Bevin has made no bones about his embrace of Trump heading into the fall campaign. He literally wrapped himself in the president's image when he donned a jacket decorated with images of Trump's face while walking around the state fair last weekend.
The presidential boost promises to add more heft to Bevin's spending on voter outreach in a state where the governor barely topped 50% of the GOP vote in the May primary — despite Trump's last-minute pitch for Bevin through Twitter and a recorded phone message to voters.
Beshear's campaign beat Bevin to the punch with TV advertising for the general election and vows to go toe-to-toe with the incumbent into November. Bevin also can tap into his personal wealth, as he did in winning the governorship in 2015. Outside advocacy groups for both sides have joined the fray, with many more ads expected.
The messaging comes in a race where the governor has struggled with slumping approval ratings but where the challenger is trying to overcome Kentucky's shift toward the GOP in recent years. Bevin's popularity took hits after he lashed out at teachers who rallied against his efforts to revamp the state's chronically underfunded public pension systems.
Trump's trip to Kentucky gives Bevin a chance to bask in the president's support, solidify his base and add to his fundraising in the bitter battle with Beshear, the son of Bevin's predecessor in the governor's office.
The governor's staff believes the president can only help.
"There is a lot of enthusiasm for the Bevin record of partnering with President Trump," said Bevin campaign manager Davis Paine.
Trump — who won big in Kentucky in 2016 and remains popular statewide — will also speak at the AMVETS national convention during his Louisville visit.
Bevin has turned what he describes as his friendship with Trump into a campaign staple, saying Kentucky benefits from his comradery with the president and his administration.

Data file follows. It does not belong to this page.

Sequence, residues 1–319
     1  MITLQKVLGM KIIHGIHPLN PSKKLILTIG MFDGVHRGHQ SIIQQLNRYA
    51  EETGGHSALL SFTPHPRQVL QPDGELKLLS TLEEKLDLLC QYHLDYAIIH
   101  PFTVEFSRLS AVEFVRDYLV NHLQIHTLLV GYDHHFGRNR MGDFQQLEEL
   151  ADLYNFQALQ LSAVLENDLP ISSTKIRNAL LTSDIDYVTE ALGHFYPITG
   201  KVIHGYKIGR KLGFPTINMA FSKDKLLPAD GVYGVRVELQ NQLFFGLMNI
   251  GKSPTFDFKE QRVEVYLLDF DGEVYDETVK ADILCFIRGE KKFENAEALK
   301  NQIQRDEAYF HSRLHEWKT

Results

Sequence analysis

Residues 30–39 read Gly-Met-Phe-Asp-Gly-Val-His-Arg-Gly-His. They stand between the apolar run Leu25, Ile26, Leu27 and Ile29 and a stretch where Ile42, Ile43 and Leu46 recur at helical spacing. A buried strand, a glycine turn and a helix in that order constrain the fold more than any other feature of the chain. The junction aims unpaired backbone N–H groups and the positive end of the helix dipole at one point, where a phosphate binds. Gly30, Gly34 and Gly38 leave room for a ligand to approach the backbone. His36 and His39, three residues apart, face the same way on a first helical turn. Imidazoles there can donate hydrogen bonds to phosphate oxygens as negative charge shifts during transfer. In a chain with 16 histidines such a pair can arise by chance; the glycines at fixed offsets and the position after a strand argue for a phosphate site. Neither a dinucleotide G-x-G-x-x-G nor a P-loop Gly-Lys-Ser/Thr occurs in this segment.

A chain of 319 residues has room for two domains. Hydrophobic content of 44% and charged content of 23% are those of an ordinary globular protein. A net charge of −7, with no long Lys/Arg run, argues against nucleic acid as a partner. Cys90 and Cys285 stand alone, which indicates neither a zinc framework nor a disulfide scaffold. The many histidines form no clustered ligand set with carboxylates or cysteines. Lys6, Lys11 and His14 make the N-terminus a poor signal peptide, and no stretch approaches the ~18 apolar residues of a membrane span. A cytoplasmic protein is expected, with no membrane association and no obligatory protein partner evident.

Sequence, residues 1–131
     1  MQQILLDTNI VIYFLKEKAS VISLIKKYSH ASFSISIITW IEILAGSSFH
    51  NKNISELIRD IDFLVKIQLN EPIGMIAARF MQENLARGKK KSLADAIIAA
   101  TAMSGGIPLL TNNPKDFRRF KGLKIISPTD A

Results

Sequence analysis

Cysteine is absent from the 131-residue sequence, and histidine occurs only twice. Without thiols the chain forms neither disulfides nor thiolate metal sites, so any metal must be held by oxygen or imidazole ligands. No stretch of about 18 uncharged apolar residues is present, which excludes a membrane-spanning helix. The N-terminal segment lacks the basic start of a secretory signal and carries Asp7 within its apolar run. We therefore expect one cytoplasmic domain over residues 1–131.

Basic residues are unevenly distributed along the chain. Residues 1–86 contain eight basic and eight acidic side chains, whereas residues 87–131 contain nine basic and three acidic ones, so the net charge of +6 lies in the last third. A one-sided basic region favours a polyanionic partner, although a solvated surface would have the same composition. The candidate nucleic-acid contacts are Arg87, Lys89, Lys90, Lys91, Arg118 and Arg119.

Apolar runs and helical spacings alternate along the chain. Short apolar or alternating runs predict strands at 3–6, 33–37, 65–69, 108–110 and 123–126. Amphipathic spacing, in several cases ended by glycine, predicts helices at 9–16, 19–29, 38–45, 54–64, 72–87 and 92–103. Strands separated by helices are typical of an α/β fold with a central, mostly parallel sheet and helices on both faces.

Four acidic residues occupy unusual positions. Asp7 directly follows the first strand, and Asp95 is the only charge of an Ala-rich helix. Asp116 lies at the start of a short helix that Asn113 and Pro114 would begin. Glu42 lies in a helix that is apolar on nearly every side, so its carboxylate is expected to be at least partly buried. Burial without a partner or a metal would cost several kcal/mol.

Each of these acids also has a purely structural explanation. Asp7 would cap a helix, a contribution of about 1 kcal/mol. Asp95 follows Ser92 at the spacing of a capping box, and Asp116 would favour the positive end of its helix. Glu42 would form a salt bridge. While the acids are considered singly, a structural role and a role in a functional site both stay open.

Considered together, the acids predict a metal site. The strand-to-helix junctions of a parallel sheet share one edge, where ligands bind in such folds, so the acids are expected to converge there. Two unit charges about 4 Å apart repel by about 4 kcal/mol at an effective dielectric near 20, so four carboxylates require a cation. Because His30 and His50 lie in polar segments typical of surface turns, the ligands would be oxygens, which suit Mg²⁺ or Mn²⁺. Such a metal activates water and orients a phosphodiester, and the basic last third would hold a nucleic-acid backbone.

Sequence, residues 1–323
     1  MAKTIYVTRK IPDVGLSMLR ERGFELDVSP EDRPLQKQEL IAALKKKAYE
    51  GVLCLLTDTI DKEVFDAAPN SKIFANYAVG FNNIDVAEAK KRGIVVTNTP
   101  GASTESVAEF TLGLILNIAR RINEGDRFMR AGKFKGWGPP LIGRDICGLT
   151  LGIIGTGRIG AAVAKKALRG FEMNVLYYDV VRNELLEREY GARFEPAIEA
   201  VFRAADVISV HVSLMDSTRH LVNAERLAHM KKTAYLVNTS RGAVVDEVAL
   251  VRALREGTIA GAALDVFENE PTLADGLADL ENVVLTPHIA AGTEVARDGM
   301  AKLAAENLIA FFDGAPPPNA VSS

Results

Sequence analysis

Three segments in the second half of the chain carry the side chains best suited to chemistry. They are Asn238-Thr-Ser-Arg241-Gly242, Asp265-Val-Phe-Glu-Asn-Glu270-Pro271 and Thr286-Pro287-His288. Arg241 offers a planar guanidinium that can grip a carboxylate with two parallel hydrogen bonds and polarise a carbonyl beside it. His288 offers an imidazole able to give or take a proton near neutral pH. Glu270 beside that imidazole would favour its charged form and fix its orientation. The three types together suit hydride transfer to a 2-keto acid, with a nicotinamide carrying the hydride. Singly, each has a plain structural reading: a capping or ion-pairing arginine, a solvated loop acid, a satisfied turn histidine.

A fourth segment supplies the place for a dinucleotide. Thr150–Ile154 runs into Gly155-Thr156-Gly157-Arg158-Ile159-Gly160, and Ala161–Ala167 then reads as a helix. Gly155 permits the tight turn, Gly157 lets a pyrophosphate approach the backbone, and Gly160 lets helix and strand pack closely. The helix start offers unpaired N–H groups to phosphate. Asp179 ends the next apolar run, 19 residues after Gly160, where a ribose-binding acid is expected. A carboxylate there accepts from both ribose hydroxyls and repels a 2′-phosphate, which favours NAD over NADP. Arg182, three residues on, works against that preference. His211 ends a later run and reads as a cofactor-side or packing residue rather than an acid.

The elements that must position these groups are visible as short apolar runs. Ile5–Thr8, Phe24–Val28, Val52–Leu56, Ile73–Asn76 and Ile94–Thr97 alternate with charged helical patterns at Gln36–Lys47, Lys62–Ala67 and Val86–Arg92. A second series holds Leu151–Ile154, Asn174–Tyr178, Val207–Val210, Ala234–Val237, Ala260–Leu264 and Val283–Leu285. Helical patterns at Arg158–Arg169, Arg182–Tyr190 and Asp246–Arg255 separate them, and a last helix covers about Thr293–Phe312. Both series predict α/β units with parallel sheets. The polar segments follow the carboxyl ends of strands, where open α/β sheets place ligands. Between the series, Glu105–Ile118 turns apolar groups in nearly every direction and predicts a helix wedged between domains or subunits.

"It does not hurt when we have a close relationship with the president, the vice president, with multiple cabinet secretaries," Bevin said Tuesday during an interview with WKCT radio.
The governor's campaign recently invested $3.7 million in TV and radio advertising. Ads are scheduled to start running statewide right after Labor Day and will continue without a break until the November election, Paine said.
"It's telling us what we presumed, that Bevin — who is personally wealthy — will be well funded," said longtime Kentucky political commentator Al Cross.
The question is whether Beshear can keep pace, he said.
In his recent debut ad for the fall campaign, Beshear played up the pastors in his family tree, stressed his faith and vowed to treat people with "dignity and respect." The ad was just the first in what will be a steady series of TV messages until Election Day, Beshear campaign manager Eric Hyers said.
Beshear's campaign also emphasizes its grassroots efforts. Beshear activists have already knocked on 150,000 doors to pitch his campaign, Hyers said. They're also bracing for more rounds of attack ads from Bevin's side.
"He is so unpopular and so disliked personally, his only chance is to try to bring Andy Beshear down to his level," Hyers said of Bevin.
Kentucky has already gotten considerable attention from groups trying to elect Republican and Democratic governors nationwide. It is one of three states electing governors in 2019, along with Louisiana and Mississippi.
The Republican Governors Association started weighing in right after the primary election with ads attacking Beshear and promoting Bevin. The Democratic Governors Association started running ads aimed at boosting Beshear in the summer.